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Urology. 2008 Aug;72(2):273-7. doi: 10.1016/j.urology.2007.12.040. Epub 2008 Mar 20.

Intraperitoneal effects of extraperitoneal laparoscopic radical prostatectomy.

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  • 1The Brady Urological Institute, Johns Hopkins Medical Institutions, Baltimore, Maryland 21224, USA.

Abstract

OBJECTIVES:

To compare routine radiologic and laboratory findings after extraperitoneal and transperitoneal laparoscopic radical prostatectomy (eLRP, tLRP) and assess relevant clinical correlations.

METHODS:

Fifty consecutive eLRP and tLRP (laparoscopic and robot-assisted) were evaluated. Preoperative complete metabolic panel and complete blood count were determined, and these serum tests and amylase and lipase level measurements were repeated postoperatively. Ten consecutive eLRP and tLRP patients also underwent flat and upright abdominal x-rays. Operative time, perioperative complications, length of hospital stay, and amount of narcotic used were measured for each group.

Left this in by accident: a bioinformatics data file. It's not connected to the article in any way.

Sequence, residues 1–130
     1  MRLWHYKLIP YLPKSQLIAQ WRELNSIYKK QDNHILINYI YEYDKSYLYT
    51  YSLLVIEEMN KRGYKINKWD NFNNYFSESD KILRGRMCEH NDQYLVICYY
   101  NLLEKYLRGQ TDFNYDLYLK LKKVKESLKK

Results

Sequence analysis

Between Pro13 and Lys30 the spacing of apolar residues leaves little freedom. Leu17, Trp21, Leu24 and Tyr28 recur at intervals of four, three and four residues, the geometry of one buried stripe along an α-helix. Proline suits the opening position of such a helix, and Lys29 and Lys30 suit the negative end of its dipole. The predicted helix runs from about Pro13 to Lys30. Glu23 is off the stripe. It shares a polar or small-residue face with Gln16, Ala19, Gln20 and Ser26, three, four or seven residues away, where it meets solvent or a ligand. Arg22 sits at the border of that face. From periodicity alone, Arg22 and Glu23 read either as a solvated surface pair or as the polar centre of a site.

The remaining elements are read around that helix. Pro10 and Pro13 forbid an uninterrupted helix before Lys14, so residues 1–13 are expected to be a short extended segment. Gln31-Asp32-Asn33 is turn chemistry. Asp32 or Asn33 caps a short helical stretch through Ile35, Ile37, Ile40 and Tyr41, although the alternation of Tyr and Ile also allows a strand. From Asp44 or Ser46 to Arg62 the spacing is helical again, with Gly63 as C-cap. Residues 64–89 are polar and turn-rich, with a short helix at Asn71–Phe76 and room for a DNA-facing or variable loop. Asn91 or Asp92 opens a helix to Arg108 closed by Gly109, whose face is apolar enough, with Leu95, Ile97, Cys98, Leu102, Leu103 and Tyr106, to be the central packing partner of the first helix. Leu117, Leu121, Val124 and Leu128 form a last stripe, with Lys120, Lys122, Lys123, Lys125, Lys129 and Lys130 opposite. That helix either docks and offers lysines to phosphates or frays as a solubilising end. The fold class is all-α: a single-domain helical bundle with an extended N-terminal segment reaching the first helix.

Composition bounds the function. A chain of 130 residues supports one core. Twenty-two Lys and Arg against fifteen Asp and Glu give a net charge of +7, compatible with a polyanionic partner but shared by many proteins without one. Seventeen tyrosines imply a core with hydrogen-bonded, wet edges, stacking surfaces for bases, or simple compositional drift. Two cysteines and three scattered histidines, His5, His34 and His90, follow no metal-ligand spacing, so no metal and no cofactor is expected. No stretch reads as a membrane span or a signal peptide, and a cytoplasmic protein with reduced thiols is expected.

RESULTS:

On postoperative day 1, all eLRP patients evaluated (100%) had radiographic free air in the abdomen, as did 80% of the tLRP patients. Only 1 of 50 patients (2%) had elevated aspartate aminotransferase (eLRP), 2 of 50 (4%) had elevated alanine aminotransferase (both eLRP), and 4 of 50 (8%) had elevated amylase (3 eLRP, 1 tLRP). Postoperative narcotic usage (eLRP 25 +/- 3 mg versus tLRP 23 +/- 5 mg morphine equivalents) and operative times (eLRP 3.6 +/- 0.1 hours versus tLRP 3.8 +/- 0.1 hours) were similar between the groups. Length of hospital stay was lower in the eLRP compared with the tLRP group (1.9 +/- 0.1 days versus 2.2 +/- 0.1 days, P <0.05). Perioperative complications did not differ significantly between groups.

CONCLUSIONS:

Extraperitoneal LRP and tLRP patients had comparable perioperative outcomes, and few had abnormal serum metabolic laboratory values postoperatively. Unexpectedly, abdominal free air was found in all eLRP patients evaluated radiographically on postoperative day 1, a finding that should be interpreted as normal and not specific for bowel injury in this context.

PMID:
18355906
[PubMed - indexed for MEDLINE]
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